The Washington International Horse Show returns to Prince George’s Co.

After more than 20 years, the Washington International Horse Show, one of North America’s premier horse shows, is about to return to Upper Marlboro, Maryland.

After more than 20 years, the Washington International Horse Show, one of North America’s premier horse shows, is about to return to Upper Marlboro, Maryland.

There are centuries of equestrian tradition in Prince George’s County, and although there isn’t as much farmland as it once was, the county still hosts great competitions and a number of competitors.



Starting this weekend, one of the continent’s biggest competitions finally returns to the county. The last time the Washington International Horse Show was held in Prince George’s County, it was held at the old Capitol Center (known at the time as the US Air Arena). After that, he moved to what is now known as Capital One Arena.

For horse show pros, this event is on par with the Super Bowl or even the Olympics, as international competitors will be in attendance, as will the US Olympic team who competed in Tokyo in 2020.

The trotting arena at the Washington International Horse Show in Prince George’s County, Maryland.

“Prince George’s County is also horse country,” said County Executive Angela Alsobrooks.

This particular event is “now recognized as the only 5-star World Cup qualifying event in the country”.

“It’s a big step for us to become a five star,” said Mary Helen Shaughnessy, the show’s executive director. “That means it’s essentially the pinnacle of the equestrian sport of show jumping. With that, I think we’re really excited to showcase our riders in front of this county crowd.

In recent years, this event has had an economic impact of approximately $11 million on the region. Shaughnessy said the crowds were also more electric and enjoyable for attendees, providing an atmosphere not so usual for these sorts of events.

“It’s hard to equate it to anything horse-related, because I think when you’re in there and watching the competition at that level, even when it’s a kid on a pony or an Olympian is the atmosphere and the feeling of a hockey game or a basketball game or something where it’s really electric,” she said.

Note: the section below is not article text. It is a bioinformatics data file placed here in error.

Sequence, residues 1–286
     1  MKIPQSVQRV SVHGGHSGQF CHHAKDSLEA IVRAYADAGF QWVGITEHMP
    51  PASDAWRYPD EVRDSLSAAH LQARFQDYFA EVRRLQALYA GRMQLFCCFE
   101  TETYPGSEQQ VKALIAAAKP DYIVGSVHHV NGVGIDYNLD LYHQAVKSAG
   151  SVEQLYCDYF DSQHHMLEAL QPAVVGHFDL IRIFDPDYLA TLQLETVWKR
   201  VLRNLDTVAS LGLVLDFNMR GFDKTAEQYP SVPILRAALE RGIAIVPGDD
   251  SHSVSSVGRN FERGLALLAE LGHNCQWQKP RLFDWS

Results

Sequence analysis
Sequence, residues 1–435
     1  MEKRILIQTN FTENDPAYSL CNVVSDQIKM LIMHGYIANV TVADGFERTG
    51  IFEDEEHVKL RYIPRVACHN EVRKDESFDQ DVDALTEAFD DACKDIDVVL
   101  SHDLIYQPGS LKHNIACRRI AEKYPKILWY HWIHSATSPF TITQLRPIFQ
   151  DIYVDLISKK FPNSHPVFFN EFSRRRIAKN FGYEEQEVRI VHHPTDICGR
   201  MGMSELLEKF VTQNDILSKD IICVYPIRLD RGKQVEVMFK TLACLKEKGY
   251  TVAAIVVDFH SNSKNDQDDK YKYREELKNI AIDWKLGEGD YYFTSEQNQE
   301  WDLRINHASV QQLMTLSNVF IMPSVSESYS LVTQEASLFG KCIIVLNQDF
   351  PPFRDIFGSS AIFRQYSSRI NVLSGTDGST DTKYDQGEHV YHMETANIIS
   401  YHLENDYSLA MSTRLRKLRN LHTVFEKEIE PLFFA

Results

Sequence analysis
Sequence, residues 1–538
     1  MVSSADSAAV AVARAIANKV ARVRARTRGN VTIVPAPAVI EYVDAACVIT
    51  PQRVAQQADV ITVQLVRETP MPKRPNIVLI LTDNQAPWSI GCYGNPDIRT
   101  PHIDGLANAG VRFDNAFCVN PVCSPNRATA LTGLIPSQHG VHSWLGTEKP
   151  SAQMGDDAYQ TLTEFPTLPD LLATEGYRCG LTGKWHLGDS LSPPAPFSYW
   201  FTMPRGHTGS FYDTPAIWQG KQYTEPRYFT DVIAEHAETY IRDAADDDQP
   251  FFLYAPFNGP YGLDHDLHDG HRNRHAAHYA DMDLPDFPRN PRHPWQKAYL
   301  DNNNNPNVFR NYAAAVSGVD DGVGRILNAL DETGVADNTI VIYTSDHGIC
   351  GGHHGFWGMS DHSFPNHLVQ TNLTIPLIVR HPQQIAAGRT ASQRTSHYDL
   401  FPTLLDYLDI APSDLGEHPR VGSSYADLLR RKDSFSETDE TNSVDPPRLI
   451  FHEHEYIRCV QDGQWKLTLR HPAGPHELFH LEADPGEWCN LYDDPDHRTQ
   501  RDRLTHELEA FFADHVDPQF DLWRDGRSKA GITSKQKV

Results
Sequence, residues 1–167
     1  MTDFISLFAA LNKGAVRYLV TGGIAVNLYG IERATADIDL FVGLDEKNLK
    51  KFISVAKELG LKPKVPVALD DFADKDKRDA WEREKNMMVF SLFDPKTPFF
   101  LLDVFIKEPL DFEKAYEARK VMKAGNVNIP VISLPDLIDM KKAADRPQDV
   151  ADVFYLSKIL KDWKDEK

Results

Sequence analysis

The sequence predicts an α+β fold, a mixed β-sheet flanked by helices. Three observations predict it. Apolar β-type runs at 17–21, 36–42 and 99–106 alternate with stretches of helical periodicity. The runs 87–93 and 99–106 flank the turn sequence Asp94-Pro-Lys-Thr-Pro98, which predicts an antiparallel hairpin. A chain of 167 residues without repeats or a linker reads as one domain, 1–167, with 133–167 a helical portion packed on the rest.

“There’s a mix of beauty and style that’s combined with just the thrill of ‘can they get over the fence’ and ‘can they go fast?’ It’s a great way to somehow marry the interest in the horse itself and the sport.

It also bills itself as a very family-friendly event, with kids admitted free for daytime events and special “kids day” activities offering hands-on experiences, like the chance to pet, ride, and groom ponies.

“All kinds of different opportunities to see horses big and small, (to learn) what it’s like to be around ponies and also what it’s like to be a rider,” Shaughnessy said.

“This special return will also create cultural waves across the county,” Alsobrooks said.

More than that, she touted the impact horses can have on children.

“It’s the kind of thing that can really stick with our kids for the rest of their lives,” Alsobrooks said. “It’s a way to positively engage our children in a sport that they will not only enjoy, but benefit from very greatly.

“Children are drawn to animals,” she added.

There’s also excitement that the event will put the county back on the equestrian industry map (not that it’s really gone).

“I think it reveals what really isn’t a secret,” said Robyn Jackson of Croom, Maryland. She and her five children are all heavily involved in the horse industry. “If you haven’t had that education, I think this event really shows how rich the equestrian culture is in this region.

“Having this in our backyard is just a wonderful, wonderful thing,” she added. But don’t tell him it’s also a reminder of the kind of tradition the county once had.

“I know how rich the horses are in this area,” Jackson said. “I’m looking forward to the show. The horses are there. The competitors are there. I’m just very happy that the word is getting out, but that’s nothing new.

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